Colin’s Belmont win —  his fouteenth in 14 starts — was dramatic: the colt was entered even though he had come up lame, either as a result of dual bows in his front legs or severe soreness. His chief rival would be none other than the gritty Fair Play, whom Colin had met and defeated before. On the day of the Belmont it poured and the horses started off in the rain. Fat curtains of fog obscured the track…….

Fair Play, the sire of Man O’ War, during his racing years.

……how Colin did it, we will never really know, but he made it to the wire just before the quick closing Fair Play whizzed passed him. His great heart as well as his racing prowess resulted in his taking Horse of the Year in 1908.

Undefeated in 15 starts, Colin was retired at age 4 and went on to have a moderate influence on the thoroughbred of today, through such descendants as Alsab, Ack Ack, Youth, Broad Brush and Concern. Even though Colin had several owners after his retirement, James R. Keene considered him the best colt he ever bred — and this was the ultimate compliment from a man who had bred many outstanding thoroughbreds during his lifetime.

Below, Alsab returns to Belmont to capture the Withers.


It’s fair to say that since its opening in 1905, Belmont Park has been visited by all the greats of American thoroughbred racing at one time or another.  Below are a few of the many that raced right into history over Big Sandy, as well as into our hearts and imagination……..

Man O’ War won the 1920 Belmont Stakes by 20 lengths and set a new track record. He would return that same year to take The Jockey Gold Cup.

The great French thoroughbred champion, Epinard, raced at Belmont in 1924. It was one of three international races the colt would run in the USA. He finished third in all three, but his performance was spectacular enough to earn Epinard US Champion Older Male that same year. Owned and bred by Pierre Wertheimer, the colt was ridden by jockey Everett Haynes.

Papyrus, the Epsom Derby champion, met America’s Kentucky Derby winner, Zev, at Belmont in a Match Race on October 20, 1923. Papyrus is shown here with famous jockey, Steve Donaghue, up. Of note, the British Derby champion figures in Zenyatta’s pedigree.

Zev, ridden by Earle Sande, went on to decisively win the Match Race against Papyrus. One wonders if the British colt’s long journey to get to the USA wasn’t a bonus, although Zev was a wonderful thoroughbred in his own right.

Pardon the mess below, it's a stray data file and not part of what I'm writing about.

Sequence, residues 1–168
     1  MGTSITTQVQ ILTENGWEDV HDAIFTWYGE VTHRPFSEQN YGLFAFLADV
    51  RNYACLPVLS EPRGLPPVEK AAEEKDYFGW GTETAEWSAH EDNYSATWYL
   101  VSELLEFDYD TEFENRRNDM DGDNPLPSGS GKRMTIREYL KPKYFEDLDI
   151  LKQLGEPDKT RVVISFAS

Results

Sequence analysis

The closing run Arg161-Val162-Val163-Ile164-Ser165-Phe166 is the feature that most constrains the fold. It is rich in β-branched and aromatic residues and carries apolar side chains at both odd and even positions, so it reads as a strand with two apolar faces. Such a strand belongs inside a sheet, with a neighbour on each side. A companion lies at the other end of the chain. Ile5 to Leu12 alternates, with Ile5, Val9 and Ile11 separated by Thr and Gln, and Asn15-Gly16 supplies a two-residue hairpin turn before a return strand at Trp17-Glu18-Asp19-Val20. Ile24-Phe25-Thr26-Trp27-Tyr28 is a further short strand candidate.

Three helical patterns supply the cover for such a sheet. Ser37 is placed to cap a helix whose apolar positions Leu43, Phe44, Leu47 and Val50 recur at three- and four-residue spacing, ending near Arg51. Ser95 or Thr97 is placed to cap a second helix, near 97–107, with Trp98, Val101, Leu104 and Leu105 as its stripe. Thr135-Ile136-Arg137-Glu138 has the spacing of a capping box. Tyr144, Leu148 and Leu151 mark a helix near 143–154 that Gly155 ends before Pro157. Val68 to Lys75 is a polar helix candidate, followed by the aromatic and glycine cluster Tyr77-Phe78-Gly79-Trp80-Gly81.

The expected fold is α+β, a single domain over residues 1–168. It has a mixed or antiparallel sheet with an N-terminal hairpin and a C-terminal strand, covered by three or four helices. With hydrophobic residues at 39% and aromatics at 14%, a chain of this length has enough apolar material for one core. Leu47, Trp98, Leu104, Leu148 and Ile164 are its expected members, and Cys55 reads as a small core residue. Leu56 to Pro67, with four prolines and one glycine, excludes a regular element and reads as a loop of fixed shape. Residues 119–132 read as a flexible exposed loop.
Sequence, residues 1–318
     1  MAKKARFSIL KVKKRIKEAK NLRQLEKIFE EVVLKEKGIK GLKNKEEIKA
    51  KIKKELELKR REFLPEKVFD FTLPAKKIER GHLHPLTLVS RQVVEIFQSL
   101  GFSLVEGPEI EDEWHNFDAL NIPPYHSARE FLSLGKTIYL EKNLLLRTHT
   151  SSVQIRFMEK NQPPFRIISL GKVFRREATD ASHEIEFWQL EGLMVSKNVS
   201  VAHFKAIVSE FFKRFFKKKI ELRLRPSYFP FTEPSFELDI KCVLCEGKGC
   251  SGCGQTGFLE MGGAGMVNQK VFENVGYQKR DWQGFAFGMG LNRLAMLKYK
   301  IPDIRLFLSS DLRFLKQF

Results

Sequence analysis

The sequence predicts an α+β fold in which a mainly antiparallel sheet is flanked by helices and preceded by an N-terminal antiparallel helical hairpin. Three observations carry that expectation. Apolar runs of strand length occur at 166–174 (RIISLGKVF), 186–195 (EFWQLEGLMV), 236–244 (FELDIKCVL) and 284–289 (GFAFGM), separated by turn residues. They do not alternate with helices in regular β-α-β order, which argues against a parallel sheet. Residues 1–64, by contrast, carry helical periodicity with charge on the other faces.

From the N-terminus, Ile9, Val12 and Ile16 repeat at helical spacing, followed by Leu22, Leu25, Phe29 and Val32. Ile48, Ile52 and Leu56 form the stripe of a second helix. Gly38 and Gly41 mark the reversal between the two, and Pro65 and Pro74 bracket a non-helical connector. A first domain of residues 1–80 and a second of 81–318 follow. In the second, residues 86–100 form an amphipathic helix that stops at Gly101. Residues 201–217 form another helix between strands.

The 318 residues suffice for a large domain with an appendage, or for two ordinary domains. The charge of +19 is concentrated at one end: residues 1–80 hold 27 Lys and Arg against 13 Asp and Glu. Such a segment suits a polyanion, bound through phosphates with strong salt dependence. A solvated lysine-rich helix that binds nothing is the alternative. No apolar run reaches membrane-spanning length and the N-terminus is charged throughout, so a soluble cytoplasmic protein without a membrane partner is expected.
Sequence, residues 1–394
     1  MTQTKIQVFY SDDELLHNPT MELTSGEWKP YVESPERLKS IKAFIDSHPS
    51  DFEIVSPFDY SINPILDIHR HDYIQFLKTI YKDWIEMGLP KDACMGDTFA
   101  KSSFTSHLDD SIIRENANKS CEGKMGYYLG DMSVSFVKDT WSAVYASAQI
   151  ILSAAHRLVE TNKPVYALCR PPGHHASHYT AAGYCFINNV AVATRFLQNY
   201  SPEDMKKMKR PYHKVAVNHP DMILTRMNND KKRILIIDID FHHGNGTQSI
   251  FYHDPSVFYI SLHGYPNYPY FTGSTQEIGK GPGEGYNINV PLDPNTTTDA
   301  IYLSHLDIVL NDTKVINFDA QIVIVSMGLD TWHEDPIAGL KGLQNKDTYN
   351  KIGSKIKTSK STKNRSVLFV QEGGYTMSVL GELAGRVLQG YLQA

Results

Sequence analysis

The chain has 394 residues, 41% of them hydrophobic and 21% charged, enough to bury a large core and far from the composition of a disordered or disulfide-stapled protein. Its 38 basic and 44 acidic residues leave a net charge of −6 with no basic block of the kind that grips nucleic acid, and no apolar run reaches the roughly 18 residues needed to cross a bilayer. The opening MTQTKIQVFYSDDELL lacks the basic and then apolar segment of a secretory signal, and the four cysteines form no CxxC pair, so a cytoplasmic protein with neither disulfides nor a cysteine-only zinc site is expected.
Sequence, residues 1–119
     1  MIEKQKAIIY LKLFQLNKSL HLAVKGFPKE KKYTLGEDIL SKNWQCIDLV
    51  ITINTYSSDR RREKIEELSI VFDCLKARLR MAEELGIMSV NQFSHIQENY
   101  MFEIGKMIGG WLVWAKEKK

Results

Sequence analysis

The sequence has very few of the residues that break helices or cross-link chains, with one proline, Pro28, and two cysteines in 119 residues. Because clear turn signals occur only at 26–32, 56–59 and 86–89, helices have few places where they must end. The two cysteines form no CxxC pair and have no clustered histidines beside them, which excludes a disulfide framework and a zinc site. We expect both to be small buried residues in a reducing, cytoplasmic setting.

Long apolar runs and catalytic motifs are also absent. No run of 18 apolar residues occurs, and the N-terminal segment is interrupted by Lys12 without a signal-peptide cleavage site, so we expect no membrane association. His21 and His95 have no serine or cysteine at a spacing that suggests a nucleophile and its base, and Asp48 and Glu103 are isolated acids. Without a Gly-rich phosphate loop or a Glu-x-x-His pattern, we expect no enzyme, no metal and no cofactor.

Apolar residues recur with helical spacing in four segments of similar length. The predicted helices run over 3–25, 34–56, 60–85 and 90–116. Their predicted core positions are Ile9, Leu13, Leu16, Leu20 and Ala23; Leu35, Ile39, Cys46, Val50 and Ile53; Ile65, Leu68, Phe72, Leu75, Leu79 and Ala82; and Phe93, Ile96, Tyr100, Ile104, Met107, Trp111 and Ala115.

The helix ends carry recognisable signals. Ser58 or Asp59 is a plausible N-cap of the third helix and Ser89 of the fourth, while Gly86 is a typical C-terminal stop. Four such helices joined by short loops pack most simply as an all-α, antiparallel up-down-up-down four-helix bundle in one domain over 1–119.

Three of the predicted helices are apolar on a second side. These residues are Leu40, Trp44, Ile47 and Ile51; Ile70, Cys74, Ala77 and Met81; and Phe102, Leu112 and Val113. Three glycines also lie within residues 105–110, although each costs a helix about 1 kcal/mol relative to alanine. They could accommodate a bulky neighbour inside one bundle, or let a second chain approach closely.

Shown below is Gallant Man’s impressive victory in the 1957 Belmont Stakes. Probably the most famous story of Gallant Man’s racing ,career was his loss to Iron Leige in the Kentucky Derby, due to a misjudgement on the part of his jockey, Bill Shoemaker. Mistaking the exact position of the finish line, Shoemaker stood in the stirrups too early. Accordingly, Gallant Man slowed down just before the finish line, allowing Iron Leige to surge passed him to win. The blunder was arguably the worst in American horse racing and Shoemaker never really lived it down.

But in the Belmont, Gallant Man made it all look too easy. The Nerud-trained colt won by 8 lengths, beating Bold Ruler among others, and in a record time that stood until Secretariat.

Lady’s Secret, Secretariat’s most accomplished daughter on the track, would start 45 times in her career, 15 of which were at Belmont. The champion broke her maiden at Belmont and then went on to win the Bowl of Flowers and Rose Stakes, as well as the Maskette, Ruffian and Beldame Stakes twice each. The “Iron Lady” also won the Shuvee, Metropolitan, Whitney and Hempstead Handicaps at Belmont.

Here is Lady’s Secret, winning the Beldame at Belmont:

Undoubtedly, one of the most dramatic runs on the Belmont track came in 1996 in the Jockey Club Gold Cup, where Skipaway and Preakness winner, Louis Quatorze, took on Cigar in what would be the great horse’s last race at Big Sandy.


It would be impossible to conclude this article without honouring one of the greatest performances in the whole history of thoroughbred racing.

Big Sandy is many things — a site of history, victory and loss. But it is first and foremost the crucible of thoroughbred racing in this part of the world. And perhaps no horse will ever again dwarf a track that is the deepest, the longest and the most challenging in North America the way Secretariat did on that afternoon in June, 1973.

Told in the words and reminiscences of those who were there to see it, this is a particularly touching tribute to a big red colt who walked onto the track as a possible Triple Crown winner and left it a thoroughbred legend, as beloved today as he was 39 years ago.